New “Nearby” online platform aims to help small businesses compete with Amazon

As the pandemic continues, retailers like Amazon, Walmart and Target rack up digital sales, while thousands of small businesses struggle to keep the lights on. With Main Street far behind, a company found a solution to help local stores compete with online giants.

“Nearby” is an online storefront that manages marketing, orders, fulfillment and shipping for local businesses. Company founder April Underwood has used her experience as a product design leader at tech giants like Slack and Twitter – and hopes Nearby will help beloved neighborhood businesses carry on.

More than 160,000 businesses have closed since the start of the pandemic, according to the latest data available from the online review site Yelp.

“There’s no website or app where you can go and buy things from stores in your own hometown, and have them delivered to your door like you would from Amazon or a major player in electronic commerce. And that’s what we’re building, ”Underwood told NBC News.

She piloted the program with a website called “Keep Oakland Alive,” which features 40 small businesses. Now it’s growing nationwide – the cities of Austin and Charleston are next.

The company withholds a 5% fee from Oakland to cover credit card charges, sales tax, and delivery charges.

April Underwood, CEO and founder of the “Nearby” platform, launched her pilot platform in Oakland, Calif., To support small businesses that have been hit so hard by the pandemic.Jacob Ward / NBC News

Underwood said Nearby offers what a small business couldn’t afford: people to make deliveries, content writers to build an online presence, and digital marketers who can find paying customers online. And because the pandemic has forced so many small businesses to quickly switch to e-commerce, these businesses suddenly have digitalized inventory systems in place that bring stores together in an online marketplace, which was missing in “buy local.” “online” efforts of the past.

“These big e-commerce players – Amazon, Target, Walmart – they’ve created expectations where people think they should have access to unlimited selection at the lowest prices, and it should all happen in a very short period of time. limited, ”Underwood said. “We have been led to believe that this is what we should expect, and that it is in fact sustainable, and that all other retailers, large and small, should reach this level,” she said. declared.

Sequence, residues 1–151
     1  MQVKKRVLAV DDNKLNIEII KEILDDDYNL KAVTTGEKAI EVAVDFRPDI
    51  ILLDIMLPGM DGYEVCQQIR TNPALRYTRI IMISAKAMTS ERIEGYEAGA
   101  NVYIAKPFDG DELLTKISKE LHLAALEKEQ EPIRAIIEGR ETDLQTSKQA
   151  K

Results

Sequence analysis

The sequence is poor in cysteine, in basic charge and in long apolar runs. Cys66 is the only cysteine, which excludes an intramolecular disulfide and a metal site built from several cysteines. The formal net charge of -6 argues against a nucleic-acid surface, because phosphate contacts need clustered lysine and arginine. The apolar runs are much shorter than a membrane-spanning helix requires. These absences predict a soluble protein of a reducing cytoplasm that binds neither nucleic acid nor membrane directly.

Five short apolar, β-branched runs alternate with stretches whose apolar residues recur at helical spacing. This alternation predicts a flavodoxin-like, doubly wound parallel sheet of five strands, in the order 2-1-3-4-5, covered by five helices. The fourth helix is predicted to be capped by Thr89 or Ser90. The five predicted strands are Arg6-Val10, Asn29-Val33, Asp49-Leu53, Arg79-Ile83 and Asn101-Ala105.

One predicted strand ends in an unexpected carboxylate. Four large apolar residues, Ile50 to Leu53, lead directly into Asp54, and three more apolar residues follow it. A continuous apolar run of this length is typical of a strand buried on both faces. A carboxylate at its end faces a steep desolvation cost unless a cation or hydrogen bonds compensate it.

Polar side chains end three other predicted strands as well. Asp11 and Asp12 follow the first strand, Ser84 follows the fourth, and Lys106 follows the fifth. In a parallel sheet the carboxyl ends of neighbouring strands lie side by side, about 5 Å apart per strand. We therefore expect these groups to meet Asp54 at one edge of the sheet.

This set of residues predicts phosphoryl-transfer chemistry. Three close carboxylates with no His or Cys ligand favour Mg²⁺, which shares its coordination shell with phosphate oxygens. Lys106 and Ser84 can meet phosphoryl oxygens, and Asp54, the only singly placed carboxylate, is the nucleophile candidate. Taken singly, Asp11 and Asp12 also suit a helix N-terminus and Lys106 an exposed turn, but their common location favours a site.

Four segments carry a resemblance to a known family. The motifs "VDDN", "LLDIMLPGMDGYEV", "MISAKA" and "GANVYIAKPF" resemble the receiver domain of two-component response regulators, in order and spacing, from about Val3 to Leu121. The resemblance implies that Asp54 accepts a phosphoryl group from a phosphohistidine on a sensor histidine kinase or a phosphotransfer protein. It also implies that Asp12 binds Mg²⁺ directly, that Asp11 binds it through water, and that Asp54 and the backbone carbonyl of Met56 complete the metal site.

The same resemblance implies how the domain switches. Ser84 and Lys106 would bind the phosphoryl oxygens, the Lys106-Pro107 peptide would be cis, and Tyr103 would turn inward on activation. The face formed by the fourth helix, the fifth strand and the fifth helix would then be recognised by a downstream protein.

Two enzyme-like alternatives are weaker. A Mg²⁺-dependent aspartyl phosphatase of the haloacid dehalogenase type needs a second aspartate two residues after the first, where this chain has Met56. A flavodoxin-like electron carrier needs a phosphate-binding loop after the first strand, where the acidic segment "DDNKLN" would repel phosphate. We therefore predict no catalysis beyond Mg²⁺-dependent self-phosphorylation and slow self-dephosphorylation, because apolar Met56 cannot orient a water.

Erica Perez, co-owner of Oaktown Spice Shop, said she was concerned her store may have to close completely when the pandemic begins. However, a collaboration with Nearby and a fee of just 5% – which is only collected when the retailer makes a sale – has allowed them to grow their e-commerce business.

There has been a resurgence in the number of consumers wanting to shop locally – suggesting small stores could do better once the virus is under control and things start to normalize.

“When we opened the store, we set our prices thinking we were going to sell things: people coming in the door,” Perez recalls. “I think the world has changed forever, and we’re going to be selling things online to a greater degree than ever before. And we are learning to do it. We’re definitely not set up here to be a fulfillment center from a retail store.

Erica Perez is part owner of Oaktown Spice Shop in Oakland, Calif., Which she opened with her husband as “a place where people could come and smell and taste things.” They had to primarily turn to e-commerce sales due to the pandemic, which was made possible by the Nearby platform.Jacob Ward / NBC News

Iguehi James, CEO and designer of Oakland-based clothing brand Love Iguehi, says the new platform has allowed small business owners to show off what sets them apart from a big box store.

“I do everything by hand here or I get [apparel] produced here in Oakland. And so it is a slower fashion. But what I like to say is that a lot of quality, a lot of care goes into every part that we make, ”said James.

Although she misses meeting and styling her clients in person, James said “Keep Oakland Alive” has helped fill client orders relatively quickly. “If someone wants a mask and they want it tomorrow, this service is there so they can always get quality products, they can still support small businesses, but they can also get it pretty quickly.” , she said.

Nationally, many consumers still only visit one or two stores and do most of their shopping there to reduce their potential exposure to the coronavirus, said Neil Saunders, general manager of the retail division of GlobalData. , to NBC News in an email. “However, that’s not all bad news, as there has been a resurgence in the number of consumers looking to buy local – suggesting small stores could do better once the virus is under control and things are done. will start to normalize, ”Saunders said.

Underwood is betting on this “buy local” trend.

“I think local buying is, frankly, the smallest but most pragmatic way to actively participate in your community,” she said.

“But, that fuel is going to run out if it isn’t easier for consumers, that’s where Nearby takes over to fix this problem.”